GMU-GWU Lab Collaboration Turns Into Dispute
Washington Post; B1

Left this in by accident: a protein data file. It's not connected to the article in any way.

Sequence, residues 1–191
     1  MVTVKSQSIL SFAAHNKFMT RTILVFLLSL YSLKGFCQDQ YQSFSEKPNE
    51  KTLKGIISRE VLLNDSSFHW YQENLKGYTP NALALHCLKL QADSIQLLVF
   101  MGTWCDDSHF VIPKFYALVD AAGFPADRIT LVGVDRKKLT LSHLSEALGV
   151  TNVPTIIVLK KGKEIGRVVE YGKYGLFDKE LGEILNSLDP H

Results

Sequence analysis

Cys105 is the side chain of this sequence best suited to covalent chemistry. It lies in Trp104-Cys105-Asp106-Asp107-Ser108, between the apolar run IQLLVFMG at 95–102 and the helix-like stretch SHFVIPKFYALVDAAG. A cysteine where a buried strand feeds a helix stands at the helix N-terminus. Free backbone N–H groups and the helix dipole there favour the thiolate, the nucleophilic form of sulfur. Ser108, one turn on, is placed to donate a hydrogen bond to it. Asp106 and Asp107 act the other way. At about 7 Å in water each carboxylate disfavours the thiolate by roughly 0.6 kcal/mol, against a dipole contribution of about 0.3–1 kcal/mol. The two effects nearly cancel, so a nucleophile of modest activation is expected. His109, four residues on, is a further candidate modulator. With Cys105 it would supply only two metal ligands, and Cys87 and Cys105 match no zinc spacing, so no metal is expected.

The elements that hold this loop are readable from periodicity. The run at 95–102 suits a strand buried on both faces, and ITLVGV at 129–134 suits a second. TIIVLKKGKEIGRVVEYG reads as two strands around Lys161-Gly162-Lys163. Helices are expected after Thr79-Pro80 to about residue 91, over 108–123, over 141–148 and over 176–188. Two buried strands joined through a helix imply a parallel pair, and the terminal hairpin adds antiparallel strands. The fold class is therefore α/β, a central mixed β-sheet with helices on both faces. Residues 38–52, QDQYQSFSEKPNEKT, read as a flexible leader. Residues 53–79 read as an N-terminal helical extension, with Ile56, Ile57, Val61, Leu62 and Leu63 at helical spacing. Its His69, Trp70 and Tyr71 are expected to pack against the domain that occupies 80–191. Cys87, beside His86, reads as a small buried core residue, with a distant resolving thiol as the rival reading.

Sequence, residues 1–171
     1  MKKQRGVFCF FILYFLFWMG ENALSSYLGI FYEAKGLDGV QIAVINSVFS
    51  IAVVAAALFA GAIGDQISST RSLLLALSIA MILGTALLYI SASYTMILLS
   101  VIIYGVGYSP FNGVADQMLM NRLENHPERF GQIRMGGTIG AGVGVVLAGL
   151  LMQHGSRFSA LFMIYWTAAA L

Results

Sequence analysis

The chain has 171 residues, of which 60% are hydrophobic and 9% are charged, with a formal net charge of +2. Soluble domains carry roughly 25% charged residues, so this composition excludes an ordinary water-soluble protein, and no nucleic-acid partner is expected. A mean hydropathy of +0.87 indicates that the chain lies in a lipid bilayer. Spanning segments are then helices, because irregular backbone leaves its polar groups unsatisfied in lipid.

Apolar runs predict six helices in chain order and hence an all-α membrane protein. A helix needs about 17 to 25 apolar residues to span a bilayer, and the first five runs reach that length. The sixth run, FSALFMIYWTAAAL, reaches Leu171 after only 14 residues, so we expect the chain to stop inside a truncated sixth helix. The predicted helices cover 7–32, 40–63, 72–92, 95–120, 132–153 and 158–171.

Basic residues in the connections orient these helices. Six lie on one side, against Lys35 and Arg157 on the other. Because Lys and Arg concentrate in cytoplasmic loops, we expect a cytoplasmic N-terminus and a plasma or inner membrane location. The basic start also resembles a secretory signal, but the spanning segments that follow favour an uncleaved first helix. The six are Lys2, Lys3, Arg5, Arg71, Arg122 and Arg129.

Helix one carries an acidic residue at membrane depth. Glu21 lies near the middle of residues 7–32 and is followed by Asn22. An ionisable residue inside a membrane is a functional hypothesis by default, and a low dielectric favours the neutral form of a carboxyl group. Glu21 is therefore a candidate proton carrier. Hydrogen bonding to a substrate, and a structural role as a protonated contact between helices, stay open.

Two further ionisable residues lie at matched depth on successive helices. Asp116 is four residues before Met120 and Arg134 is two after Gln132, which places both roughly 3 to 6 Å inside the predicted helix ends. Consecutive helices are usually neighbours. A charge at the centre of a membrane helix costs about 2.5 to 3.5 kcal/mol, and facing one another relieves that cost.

Researchers at George Washington University (GWU) are angry at their collaboration partners from George Mason University (GMU) over the GMU scientists' treatment of data gathered by both schools through clinical trials of a smallpox vaccine that suggested the vaccine could have protective effects against HIV. GMU apparently did not consult GWU before it issued a news release about the study last week, and GWU also takes umbrage to the fact that the study report has not yet been accepted by a medical journal for publication--one of the steps usually taken before popular press releases. Furthermore, GWU has accused its fellow Washington, D.C.-area school of filing a patent application on the small study's results without any recognition of GWU's efforts in the program. "It's dangerous to bypass the peer-review process," said Peter Hotez, chairman of microbiology at GWU. "The George Mason people are deliberately creating a situation where people who engage in high-risk behavior that could expose them to HIV might seek out and receive smallpox vaccine, erroneously believing that this might protect them."